Then Robert Randolph came on stage and they ripped it up with a twenty minute version of "Turn On Your Love Light". The old Grateful Dead staple, from the FIRST double live album.
And on the way back from the bathroom, from the bowels of the Beacon, drenched in long hair and smoke, in the wings, Bert told me the band had NEVER EVER played the number before. But since Robert was in town, they wanted to do something DIFFERENT! Wanted to do something FUN!
That's what they'd been doing for the past two weeks. Whoever was in town. They'd called up and told them to come down. And have some FUN!
They'd had Bernard Purdie. Peter Frampton. Susan Tedeschi. An eclectic bunch of PLAYERS! And with no rehearsal, like a band in the garage, they'd worked out the numbers on stage.
This evening, after intermission, turned out the grey-haired guy sitting in the row in front of us was John Hammond, Jr. Yup, Derek came over to admire his National Steel Guitar, and then the old bluesman took to his stool and worked it out. Then, after doing a number with Warren, he strapped on an ELECTRIC! God, I've never seen John Hammond, Jr. PLAY an electric. I haven't even SEEN him since 1970, which is maybe why I didn't recognize him. With his gray hair. Now facing the sunset as opposed to the sunrise.
Not that the Allman Brothers are far behind. Who would have thought the stars of yore would become just like their forefathers, itinerant blues musicians. They play because they have to, because it's the only thing they know. The media spotlight is not upon them, it's solely about the music and their fans.
And as the second set flowed, I felt my mind come unmoored. The experience of yore, of the music taking me on a journey, I recognized it, it had been so long. To sit there long enough, enveloped by the music, to relax. THAT'S the concert experience. It's not about Madonna spectacle. It's not about dancing, sets, moving about on stage constantly to keep the audience entertained. Rather, it's about playing music that loosens people from their everyday lives, their seats, frees them from the b.s. and allows them to see where their minds take them. Away from the mundane to the POSSIBILITIES!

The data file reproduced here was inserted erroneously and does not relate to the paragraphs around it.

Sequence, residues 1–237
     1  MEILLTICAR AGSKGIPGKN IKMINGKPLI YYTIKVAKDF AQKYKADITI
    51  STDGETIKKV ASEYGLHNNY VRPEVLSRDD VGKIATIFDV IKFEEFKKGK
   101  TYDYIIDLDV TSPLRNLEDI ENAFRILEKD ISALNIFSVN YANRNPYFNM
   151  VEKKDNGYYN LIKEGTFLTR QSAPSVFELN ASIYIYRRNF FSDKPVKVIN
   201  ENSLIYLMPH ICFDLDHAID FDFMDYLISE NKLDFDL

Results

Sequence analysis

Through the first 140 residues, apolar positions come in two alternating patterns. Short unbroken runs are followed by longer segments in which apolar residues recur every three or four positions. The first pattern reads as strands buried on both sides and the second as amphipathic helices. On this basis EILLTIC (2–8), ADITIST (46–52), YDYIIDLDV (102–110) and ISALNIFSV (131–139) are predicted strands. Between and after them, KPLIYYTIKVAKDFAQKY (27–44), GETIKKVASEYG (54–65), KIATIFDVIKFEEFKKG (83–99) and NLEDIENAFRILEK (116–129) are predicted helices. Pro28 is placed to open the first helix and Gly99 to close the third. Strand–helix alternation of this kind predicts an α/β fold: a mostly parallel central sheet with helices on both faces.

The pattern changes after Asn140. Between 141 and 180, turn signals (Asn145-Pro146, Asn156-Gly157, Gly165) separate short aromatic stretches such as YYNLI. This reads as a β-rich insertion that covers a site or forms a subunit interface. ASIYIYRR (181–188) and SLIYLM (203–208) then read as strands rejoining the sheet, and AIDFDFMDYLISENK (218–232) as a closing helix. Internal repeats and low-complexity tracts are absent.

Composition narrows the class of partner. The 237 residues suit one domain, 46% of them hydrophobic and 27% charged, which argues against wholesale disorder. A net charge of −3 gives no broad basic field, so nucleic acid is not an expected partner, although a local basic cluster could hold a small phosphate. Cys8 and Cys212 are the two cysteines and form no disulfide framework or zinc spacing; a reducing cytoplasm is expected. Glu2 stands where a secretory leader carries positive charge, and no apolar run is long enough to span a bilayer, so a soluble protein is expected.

And Gregg Allman played "Melissa".
But just before the show ended, close to midnight, Warren and Derek stood center stage, looked each other in the eye, and fell into that comfortable groove. Oh, so fast, so hard to replicate for the average player, but so FAMILIAR TO ME!
Yes, the band started playing REVIVAL!
Oh, Bert had told me the band had worked up seventy five numbers. That you never knew what each night would bring. I wasn't expecting it. And then, suddenly, I was seventeen again, in Dave McCormick's dorm room. Getting high, listening to the Allman Brothers.
But I haven't smoked dope in thirty years. And haven't seen Dave and most of the people I spent every evening with back then in just about as long. But I saw their faces as that southern sound came pouring out of the speakers. As the light show flashed to my left, behind the band. As the score of people standing, surrounding us on stage, started rising up and down to the music.
"People can you feel it, love is everywhere"
Doesn't feel like there's much love in the world these days. Doesn't even feel like it's a goal. That was a different era. When the musicians weren't sold out whores, but pied pipers showing the youth a better way. Leading them to a land of happiness.
And that's what the audience was. From the very first row to deep in the upper deck, people were feeling it, love was everywhere.